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Belyve the elder bairns come drappin in,
At service out, amang the farmers roun';
Some ca' the pleugh, some herd, some tentiea rin
A cannie errand to a neebour town;
Their eldest hope, their Jenny, woman grown,
In youthfu' bloom, love sparkling in her e'e, Comes hame, perhaps, to show a braw new gown, Or deposite her sair-won penny-fee,
To help her parents dear, if they in hardship be.
Wi' joy unfeign'd brothers and sisters meet,
An' each for other's weelfare kindly spiers ;"
The social hours, swift wing'd, unnoticed fleet;
Each tells the uncos that he sees or hears;
The parents, partial, eye their hopeful years;
Anticipation forward points the view.
The mother, wi' her needle an' her sheers,
Garsd auld claese look amaist as weel's the new; The father mixes a' wi' admonition due.
Their masters' and their mistresses' command,
Their younkers a' are warned to obey;
An' mind their labours wi' an eydent hand,
An' ne'er, tho' out o' sight, to jauk or play;
An' O! be sure to fear the Lord alway!
An' mind your duty, duly, morn an' night!
Lest in temptation's path ye gang astray,
Implore his counsel and assisting might:
They never sought in vain that sought the Lord aright!
The cheerfu' supper done, wi' serious face,
They, round the ingle, form a circle wide;
The sire turns o'er, wi' patriarchal grace,
The big Ha'-Bible, ance his father's pride:
His bonnet reverently is laid aside,
a Mindful. b Asks. C News. d Makes. e Clothes.
His lyart haffets wearin thin and bare; Those strains that once did sweet in Zion glide, He wales a portion with judicious care;
And Let us worship God!' he says, with solemn air.
Then, kneeling down, to heaven's eternal King
The saint, the father, and the husband prays:
Hope "springs exulting on triumphant wing,'
That thus they all shall meet in future days;
There ever bask in uncreated rays,
No more to sigh, or shed the bitter tear,
Together hymning their Creator's praise,
In such society, yet still more dear,
While circling time moves round in an eternal sphere.
Then homeward all take off their several way;
The youngling cottagers retire to rest:
The parent pair their secret homage pay,
And proffer up to Heaven the warm request,
That He who stills the raven's clamorous nest,
And decks the lily fair in flowery pride,
Would, in the way his wisdom sees the best,
For them and for their little ones provide ;
But chiefly in their hearts with grace divine preside.
THEN died lamented, in the strength of life,
A valued Mother, and a faithful Wife ;
Call'd not away, when time had loosed each hold
On the fond heart, and each desire grew cold;
But when to all that knit us to our kind,
She felt fast bound, as charity can bind ;-
Not when the ills of age, its pain, its care,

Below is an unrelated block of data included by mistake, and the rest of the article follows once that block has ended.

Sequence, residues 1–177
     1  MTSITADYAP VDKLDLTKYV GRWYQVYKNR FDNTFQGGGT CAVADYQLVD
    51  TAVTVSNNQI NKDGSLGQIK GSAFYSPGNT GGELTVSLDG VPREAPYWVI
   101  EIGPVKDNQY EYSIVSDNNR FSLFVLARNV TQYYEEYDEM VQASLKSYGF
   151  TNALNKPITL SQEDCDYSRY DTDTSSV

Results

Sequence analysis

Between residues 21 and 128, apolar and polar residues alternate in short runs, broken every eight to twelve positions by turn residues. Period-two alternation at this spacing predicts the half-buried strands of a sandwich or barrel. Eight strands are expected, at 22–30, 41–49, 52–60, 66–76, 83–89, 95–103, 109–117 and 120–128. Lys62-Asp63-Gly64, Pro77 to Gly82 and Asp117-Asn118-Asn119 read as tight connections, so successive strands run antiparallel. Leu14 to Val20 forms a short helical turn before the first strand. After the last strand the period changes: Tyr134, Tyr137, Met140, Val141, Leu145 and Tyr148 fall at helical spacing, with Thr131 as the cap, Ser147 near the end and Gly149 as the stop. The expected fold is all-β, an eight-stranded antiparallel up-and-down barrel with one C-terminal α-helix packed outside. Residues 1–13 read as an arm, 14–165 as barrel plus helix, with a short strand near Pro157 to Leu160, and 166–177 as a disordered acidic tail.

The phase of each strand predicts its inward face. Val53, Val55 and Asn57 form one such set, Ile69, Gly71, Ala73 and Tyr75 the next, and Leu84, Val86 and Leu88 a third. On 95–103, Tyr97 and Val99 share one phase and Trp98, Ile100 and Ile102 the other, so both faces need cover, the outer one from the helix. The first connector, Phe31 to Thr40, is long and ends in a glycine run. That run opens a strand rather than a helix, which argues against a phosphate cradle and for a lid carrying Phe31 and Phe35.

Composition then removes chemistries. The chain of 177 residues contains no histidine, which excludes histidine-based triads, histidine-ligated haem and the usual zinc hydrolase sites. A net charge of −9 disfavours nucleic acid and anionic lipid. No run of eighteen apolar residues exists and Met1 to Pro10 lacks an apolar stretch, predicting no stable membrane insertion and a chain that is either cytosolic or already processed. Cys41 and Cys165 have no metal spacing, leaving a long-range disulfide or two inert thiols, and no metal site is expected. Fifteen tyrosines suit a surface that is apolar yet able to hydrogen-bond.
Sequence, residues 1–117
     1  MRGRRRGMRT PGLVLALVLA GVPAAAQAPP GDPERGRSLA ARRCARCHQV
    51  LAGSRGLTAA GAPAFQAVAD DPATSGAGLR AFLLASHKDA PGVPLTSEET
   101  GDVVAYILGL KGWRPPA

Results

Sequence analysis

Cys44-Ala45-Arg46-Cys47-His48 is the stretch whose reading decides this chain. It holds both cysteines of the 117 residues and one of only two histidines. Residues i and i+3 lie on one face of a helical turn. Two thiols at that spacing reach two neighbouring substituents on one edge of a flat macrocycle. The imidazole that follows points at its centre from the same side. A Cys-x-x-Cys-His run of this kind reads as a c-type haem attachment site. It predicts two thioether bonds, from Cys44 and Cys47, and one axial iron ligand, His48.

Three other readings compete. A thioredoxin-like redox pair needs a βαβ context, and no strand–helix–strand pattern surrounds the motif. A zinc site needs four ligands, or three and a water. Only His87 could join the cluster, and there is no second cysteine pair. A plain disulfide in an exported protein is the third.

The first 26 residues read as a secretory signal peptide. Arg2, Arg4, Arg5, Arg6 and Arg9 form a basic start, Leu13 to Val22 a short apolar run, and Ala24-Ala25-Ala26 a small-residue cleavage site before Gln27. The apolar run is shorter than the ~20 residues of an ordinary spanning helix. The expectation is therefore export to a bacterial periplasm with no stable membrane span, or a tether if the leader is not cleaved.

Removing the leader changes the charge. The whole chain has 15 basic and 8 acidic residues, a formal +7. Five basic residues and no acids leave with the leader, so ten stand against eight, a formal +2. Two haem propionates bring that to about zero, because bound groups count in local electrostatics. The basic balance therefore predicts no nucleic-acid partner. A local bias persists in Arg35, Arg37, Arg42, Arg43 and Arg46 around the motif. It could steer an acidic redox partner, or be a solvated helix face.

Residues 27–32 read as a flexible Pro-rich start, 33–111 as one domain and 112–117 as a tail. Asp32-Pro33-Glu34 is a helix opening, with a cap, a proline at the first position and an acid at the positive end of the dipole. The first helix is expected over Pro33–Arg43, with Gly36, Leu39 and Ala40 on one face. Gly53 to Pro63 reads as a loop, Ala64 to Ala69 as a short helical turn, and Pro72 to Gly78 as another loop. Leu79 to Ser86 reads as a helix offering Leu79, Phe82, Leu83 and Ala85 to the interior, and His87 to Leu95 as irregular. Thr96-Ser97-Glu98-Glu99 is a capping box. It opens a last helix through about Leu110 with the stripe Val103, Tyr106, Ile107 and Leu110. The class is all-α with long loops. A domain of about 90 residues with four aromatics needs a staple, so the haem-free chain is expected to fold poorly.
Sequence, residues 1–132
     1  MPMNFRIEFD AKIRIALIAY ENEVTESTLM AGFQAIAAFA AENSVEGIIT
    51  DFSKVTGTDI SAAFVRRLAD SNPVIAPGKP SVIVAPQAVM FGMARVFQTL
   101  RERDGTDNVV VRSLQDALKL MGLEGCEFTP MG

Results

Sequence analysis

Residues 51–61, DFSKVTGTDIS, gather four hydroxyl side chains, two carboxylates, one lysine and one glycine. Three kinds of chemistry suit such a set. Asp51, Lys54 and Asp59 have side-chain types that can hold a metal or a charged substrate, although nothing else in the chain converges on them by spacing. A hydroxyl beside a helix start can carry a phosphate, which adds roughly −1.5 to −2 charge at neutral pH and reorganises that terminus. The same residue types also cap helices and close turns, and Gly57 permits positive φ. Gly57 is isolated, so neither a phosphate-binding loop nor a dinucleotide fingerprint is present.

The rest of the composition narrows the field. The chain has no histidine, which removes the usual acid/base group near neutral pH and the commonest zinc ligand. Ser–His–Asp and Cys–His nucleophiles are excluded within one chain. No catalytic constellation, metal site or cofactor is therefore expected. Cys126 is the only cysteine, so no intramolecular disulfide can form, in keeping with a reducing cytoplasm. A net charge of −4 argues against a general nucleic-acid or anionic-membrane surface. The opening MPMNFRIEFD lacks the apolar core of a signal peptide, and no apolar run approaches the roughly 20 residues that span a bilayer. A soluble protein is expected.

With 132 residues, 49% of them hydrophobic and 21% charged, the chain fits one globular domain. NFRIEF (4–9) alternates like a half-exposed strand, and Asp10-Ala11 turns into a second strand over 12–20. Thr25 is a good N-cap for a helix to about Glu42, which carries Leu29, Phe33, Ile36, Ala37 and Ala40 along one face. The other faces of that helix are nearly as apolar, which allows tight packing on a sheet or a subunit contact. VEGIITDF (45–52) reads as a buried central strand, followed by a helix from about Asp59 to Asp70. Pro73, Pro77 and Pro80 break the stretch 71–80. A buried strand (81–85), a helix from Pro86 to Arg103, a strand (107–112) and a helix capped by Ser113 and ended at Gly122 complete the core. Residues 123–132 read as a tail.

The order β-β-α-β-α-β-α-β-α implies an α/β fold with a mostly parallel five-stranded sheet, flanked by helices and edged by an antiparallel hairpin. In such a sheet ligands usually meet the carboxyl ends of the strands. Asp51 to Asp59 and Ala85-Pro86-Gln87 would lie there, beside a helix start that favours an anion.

The drooping spirit for its fate prepare;
And, each affection failing, leave the heart
Loosed from life's charms, and willing to depart ;-
But ALL her ties the strong invader broke,
In all their strength, by one tremendous stroke:
Sudden and swift the eager pest came on,
And terror grew, till every hope was gone:
Still those around appeared for hope to seek!
But viewed the sick, and were afraid to speak.
Slowly they bore, with solemn step, the dead :-
When grief grew loud, and bitter tears were shed,
My part began; a crowd drew near the place,
Awe in each eye, alarm in every face:
So swift the ill, and of so fierce a kind,
That fear, with pity, mingled in each mind;
Friends with the husband came, their griefs to blend;
For good-man Frankford was to all a friend.
The last-born boy they held above the bier,
He knew not grief, but cries expressed his fear:
Each different age and sex revealed its pain,
In now a louder, now a lower strain;
While the meek father, listening to their tones,
Swelled the full cadence of the grief by groans.
The elder sister strove her pangs to hide,
And soothing words to younger minds applied:
"Be still, be patient," oft she strove to say;
But failed as oft, and weeping turned away.
Curious and sad, upon the fresh-dug hill,
The village lads stood melancholy, still;
And idle children, wandering to-and-fro,
As nature guided, took the tone of woe.
ore, with solemn step. the dead:--
loud, and bitter tears were shed,
a crowd drew near the place,
alarm in every face:
and of so fierce a kind,
ity, mingled in each mind;
he husband came, their griefs to blend:
Frankford was to all a friend.
boy they held above the bier,
ef, but cries expressed his fear:
age and sex revealed its pain,
er, now a lower strain;
k father, listening to their tones,
all cadence of the grief by groans.
ster strove her pangs to hide,
words to younger minds applied
patient," oft she strove to say; and weeping turned away.
upon the fresh-dug hill. stood melancholy, still; wandering to-and-fro. took the tone of woe.